R.E.S.P.E.C.T. – Why Appoint an Estate Trustee?
The death of the Queen of Soul, Aretha Franklin, on August 16 sent reverberations through Motown and the music industry as a whole. However, equally as shocking to estates law practitioners is the fact that Franklin died intestate, that is, without having executed a valid Last Will and Testament.
Reports have emerged that Franklin died leaving an estate valued at approximately US$80 million. Notwithstanding the insistence of her longtime lawyer to take proper estate planning steps, Franklin’s estate will now likely be distributed in accordance with Michigan intestacy laws rather than in accordance with her wishes. As Franklin died leaving four children and no surviving spouse, a cursory review of applicable authorities in Michigan suggests her estate will be distributed equally amongst her children, as would be the case under Ontario intestate succession laws.
With that said, the fact that Franklin died intestate means that the courts will now be tasked with the appointment of a personal representative to consolidate and distribute the assets of her estate and attend to the payment of any liabilities. In Ontario, where an individual dies intestate, the court is empowered to appoint an Estate Trustee without a Will pursuant to section 29(1) of the Estates Act. While the appointee is entitled to seek professional assistance from lawyers, accountants, and certain other professionals to provide assistance, the administration of an estate, particularly one as large as Franklin’s, can be burdensome especially if the trustee is unsophisticated.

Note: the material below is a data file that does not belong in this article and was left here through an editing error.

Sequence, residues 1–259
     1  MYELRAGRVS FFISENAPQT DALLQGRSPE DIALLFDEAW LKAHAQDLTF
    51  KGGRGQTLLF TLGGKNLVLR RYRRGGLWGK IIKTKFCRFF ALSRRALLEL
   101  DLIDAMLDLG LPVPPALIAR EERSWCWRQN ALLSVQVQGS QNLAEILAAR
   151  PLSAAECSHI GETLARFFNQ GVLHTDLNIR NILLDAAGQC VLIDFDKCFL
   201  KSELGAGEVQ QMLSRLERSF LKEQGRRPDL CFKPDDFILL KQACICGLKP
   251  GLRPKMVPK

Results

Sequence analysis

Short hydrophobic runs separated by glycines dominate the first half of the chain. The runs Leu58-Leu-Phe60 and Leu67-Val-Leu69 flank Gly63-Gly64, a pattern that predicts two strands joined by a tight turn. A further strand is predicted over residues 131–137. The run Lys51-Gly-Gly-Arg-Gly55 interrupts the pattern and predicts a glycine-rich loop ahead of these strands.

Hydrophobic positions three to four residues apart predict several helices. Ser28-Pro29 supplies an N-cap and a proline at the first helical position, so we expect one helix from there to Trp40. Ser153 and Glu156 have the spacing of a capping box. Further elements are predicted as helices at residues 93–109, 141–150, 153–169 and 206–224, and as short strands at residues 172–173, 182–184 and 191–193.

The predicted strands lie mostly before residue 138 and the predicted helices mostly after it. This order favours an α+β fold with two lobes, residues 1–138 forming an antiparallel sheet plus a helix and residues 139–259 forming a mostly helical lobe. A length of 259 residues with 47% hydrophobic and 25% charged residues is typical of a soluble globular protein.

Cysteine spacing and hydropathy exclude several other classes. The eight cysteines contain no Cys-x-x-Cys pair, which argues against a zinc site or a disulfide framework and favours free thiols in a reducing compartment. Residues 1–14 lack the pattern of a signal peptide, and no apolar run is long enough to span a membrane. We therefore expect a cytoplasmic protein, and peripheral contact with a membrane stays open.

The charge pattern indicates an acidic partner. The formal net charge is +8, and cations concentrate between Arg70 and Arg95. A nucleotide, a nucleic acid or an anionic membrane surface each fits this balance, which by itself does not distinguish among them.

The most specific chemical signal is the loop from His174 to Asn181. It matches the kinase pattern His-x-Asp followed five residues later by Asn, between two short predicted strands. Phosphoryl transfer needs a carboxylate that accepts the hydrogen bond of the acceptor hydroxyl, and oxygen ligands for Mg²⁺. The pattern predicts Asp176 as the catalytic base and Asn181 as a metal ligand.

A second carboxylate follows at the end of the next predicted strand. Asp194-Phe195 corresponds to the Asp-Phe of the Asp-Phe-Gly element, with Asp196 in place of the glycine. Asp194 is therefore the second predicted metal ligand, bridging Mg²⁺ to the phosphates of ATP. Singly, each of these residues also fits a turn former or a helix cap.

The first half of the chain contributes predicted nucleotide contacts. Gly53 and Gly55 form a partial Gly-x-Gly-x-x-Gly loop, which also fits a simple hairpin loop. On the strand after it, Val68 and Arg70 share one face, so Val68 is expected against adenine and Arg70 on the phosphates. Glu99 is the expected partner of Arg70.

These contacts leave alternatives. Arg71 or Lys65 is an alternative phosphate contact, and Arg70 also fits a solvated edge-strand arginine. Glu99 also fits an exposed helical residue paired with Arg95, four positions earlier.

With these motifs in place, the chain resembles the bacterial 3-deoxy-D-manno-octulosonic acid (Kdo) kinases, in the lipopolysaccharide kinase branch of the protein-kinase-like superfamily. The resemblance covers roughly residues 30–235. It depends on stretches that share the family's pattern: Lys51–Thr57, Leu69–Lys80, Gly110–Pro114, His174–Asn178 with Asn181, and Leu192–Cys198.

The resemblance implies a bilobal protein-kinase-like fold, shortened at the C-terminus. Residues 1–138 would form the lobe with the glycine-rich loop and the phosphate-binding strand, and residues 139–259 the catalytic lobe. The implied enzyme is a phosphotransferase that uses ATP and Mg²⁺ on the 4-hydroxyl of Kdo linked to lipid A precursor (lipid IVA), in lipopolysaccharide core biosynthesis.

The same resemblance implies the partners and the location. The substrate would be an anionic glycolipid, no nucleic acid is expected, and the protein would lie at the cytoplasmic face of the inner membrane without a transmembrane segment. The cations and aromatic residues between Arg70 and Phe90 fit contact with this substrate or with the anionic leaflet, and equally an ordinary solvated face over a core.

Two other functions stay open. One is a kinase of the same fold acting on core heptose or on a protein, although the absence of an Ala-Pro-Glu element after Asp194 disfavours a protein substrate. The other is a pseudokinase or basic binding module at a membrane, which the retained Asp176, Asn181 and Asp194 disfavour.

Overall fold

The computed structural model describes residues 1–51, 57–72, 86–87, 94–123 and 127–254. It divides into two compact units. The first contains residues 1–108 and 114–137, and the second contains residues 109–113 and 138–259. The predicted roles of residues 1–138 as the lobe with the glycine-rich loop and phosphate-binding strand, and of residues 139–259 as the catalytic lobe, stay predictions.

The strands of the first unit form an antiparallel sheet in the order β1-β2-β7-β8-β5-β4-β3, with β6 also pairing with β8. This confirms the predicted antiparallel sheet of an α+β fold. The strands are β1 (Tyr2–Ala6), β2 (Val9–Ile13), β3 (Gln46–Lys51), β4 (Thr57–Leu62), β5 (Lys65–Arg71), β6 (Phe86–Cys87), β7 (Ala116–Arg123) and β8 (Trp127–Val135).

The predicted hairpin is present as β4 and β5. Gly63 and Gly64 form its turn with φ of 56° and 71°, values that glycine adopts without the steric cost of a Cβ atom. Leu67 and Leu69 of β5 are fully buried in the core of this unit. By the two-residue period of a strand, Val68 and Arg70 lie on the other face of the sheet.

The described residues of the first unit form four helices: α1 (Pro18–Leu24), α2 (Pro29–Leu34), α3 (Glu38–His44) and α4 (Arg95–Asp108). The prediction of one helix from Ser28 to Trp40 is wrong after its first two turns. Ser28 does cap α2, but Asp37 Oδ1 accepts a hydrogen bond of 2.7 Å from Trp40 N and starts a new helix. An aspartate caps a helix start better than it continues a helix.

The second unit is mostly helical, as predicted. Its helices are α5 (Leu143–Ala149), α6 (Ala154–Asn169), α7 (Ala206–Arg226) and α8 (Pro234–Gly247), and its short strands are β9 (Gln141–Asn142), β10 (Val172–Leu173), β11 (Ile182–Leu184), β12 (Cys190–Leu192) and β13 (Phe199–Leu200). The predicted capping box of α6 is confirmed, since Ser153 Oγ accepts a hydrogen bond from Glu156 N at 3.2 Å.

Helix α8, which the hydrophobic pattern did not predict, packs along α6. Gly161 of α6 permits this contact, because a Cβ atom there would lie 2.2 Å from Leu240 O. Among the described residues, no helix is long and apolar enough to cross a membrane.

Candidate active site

The size of Franklin’s estate will also likely lead to all manner of creditors coming out of the woodwork to stake their claim and create further headaches for the eventual executor. As was the case with other celebrities who died intestate, the chaos that will presumably result is likely to be well-publicized in the media, notwithstanding the wishes of Franklin’s close family. A well-crafted estate plan, including the selection of a willing and competent executor to administer the estate, may very well have allowed the administration of Franklin’s estate to remain largely private. If recent history is any indication, that is no longer likely to be the case.
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